Shakespeare once said that “all the world’s a stage” but not everybody on this global stage studied drama and the theatre arts. The theatre has a long and illustrious history that’s impacted the world over. The arts encompass a variety of talents in order for a production to come together. Students of the major will learn how to write and stage plays, how lighting affects mood, and how what goes on backstage is just as important as what happens on stage.
Courses of the major reflect all of the areas that go into a show. Classes may include: acting, playwriting, lighting design, directing, set design, costuming, theatre history, and dramatic literature. Students are involved with their college’s plays, and may even have a hand in writing or directing them. Those in the major tend to set up and strike sets, create costumes, run logistics backstage, and work lighting or sound. Theatre majors have a love for the performing arts, are energetic and curious, and have a knack for storytelling.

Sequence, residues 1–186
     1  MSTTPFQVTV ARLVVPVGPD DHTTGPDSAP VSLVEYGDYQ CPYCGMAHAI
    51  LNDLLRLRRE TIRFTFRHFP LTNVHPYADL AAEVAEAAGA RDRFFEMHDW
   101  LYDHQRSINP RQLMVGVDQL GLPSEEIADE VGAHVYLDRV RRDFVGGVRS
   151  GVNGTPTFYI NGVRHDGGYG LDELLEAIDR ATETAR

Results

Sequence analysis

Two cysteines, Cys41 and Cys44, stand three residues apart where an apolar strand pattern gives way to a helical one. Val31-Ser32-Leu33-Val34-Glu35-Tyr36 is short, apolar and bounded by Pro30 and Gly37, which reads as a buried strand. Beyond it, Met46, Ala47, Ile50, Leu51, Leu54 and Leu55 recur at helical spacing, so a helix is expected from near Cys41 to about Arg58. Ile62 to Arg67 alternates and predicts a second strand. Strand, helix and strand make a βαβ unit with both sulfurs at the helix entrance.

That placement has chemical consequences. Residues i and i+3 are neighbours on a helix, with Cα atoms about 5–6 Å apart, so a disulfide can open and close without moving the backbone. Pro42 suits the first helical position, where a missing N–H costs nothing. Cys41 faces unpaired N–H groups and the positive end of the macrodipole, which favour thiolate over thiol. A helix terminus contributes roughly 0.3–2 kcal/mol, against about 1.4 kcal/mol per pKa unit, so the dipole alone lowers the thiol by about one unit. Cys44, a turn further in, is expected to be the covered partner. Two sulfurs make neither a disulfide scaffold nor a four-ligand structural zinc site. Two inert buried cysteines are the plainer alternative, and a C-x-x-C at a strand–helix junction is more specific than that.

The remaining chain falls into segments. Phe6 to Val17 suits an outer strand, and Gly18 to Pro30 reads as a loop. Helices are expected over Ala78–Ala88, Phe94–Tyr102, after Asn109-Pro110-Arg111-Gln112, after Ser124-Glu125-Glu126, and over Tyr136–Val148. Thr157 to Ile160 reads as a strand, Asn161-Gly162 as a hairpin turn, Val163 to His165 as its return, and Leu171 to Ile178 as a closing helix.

There are a multitude of specializations in the theatre arts. Graduates can pursue focuses such as: theater design and stagecraft, backstage management, costuming design, composition, direction, acting, and art direction. Plays are often more than just entertainment; often they comment on society, the human condition, and universal themes shared by all people.
Theatre Arts fun fact: Instead of clapping, Ancient Greek audiences stamped their feet.
Celebrities who studied Theatre Arts: George Takei, actor; David Hasselhoff, actor, producer; Jennifer Morrison, actress; Jane Lynch, actress, comedian.
The average starting salary for a graduate with a bachelor's degree in Drama and Dramatics/Theatre Arts, General is $38,033